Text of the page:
And what about all the ordinary things we do for our families? We listen to the music and watch Youtube clips and go to movies that they like. We have dinner together. We go to church, we go to the library, we go to the mall, we go grocery shopping – together. And what about all those appointments with the hairdresser, the doctor, the dentist? And the soccer games and piano lessons and ….And taking care of all those bills? … It’s all taking care of family, showing them we care.

But these are mundane things. When writing about celebrities, like Steve Jobs or Adrienne Rich, or really Great Ones, like Jesus or Buddha, how many paragraphs is the biographer going to spend on things other than their Life’s Work? Maybe a few little scenes, when family and their Life’s Work intersect, but the rest of the time they spent taking care of family, spending time with them – those moments aren’t recorded.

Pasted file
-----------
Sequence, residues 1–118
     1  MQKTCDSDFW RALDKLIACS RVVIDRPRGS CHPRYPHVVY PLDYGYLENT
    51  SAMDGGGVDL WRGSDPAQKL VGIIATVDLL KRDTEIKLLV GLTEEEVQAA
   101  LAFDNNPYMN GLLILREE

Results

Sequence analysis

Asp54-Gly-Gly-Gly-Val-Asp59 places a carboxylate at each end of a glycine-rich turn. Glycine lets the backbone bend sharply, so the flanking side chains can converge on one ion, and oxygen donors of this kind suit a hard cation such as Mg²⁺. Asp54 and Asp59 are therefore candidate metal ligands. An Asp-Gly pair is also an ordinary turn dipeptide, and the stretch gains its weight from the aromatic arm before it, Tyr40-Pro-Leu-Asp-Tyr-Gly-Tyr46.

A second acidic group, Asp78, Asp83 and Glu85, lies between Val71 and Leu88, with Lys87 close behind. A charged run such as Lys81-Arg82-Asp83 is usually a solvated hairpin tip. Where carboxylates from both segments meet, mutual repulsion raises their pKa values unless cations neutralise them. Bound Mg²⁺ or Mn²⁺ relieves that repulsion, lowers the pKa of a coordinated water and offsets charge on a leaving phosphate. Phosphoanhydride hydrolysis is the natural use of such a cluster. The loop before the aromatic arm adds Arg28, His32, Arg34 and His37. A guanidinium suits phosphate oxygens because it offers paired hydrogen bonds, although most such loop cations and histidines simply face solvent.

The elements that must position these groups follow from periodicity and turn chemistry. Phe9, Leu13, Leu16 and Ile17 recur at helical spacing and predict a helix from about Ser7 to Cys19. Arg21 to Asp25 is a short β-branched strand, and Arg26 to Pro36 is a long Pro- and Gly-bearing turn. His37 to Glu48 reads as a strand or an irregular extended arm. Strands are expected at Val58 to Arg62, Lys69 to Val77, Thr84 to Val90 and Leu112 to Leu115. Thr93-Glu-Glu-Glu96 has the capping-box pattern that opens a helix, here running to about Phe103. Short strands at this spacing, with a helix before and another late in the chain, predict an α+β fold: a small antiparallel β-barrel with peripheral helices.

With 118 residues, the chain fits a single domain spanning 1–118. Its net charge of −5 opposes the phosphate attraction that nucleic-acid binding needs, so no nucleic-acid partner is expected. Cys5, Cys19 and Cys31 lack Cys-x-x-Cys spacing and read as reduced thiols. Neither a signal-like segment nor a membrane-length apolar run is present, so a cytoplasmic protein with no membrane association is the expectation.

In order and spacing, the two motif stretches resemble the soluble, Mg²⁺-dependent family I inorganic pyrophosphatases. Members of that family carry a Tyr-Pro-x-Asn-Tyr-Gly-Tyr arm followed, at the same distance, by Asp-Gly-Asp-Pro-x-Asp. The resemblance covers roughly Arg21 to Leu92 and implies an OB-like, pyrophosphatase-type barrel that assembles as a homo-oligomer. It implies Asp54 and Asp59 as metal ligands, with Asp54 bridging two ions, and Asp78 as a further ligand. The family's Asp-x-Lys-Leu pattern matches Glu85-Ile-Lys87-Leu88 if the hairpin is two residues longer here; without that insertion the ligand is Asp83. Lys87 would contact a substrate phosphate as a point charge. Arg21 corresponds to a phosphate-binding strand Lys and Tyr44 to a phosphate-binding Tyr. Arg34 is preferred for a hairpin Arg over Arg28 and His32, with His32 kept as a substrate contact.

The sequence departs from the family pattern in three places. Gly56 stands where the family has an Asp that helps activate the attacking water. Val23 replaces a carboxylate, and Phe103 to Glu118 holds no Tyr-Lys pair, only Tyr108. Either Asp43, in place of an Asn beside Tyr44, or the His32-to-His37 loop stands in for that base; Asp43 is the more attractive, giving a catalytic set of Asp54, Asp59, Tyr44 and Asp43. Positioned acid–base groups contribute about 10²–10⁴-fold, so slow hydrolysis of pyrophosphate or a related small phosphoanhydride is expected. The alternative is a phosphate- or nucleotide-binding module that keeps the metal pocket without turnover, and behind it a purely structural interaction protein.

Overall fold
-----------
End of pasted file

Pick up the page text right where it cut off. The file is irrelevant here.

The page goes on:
In fact, if you look at the other gospels, Matthew, Mark, and Luke, or even Thomas, you won’t find this moment with Jesus and his mother and his dearest disciple. You won’t find the miracle at the wedding either. Only the writer of John gives us these glimpses of Jesus and his mother.

When you think about your life, what would John mention that the other gospel writers wouldn’t? Which family moments would show up in your biography?

Was there a time when family helped you to make the next move God had in mind for your Life Work, when you didn’t think you were ready yet? Or did God put the right person there at the right time, to take care of your family at a time when you couldn’t do it yourself? Do you remember one of those times? Maybe you’re lucky and one happened recently, so you haven’t forgotten it yet.

But even if you have forgotten, you remember that those times happened. The goosebumps. The skyward glance and “thank you.” God isn’t just there for all the important things we do in our Life Work. And God isn’t just there for the big moments in family life either – finding a new school or a new home or any of the other times when you’re talking to God all the time about what’s going on. “What do you think about this, God? Am I doing the right thing, God? Oh God, help!”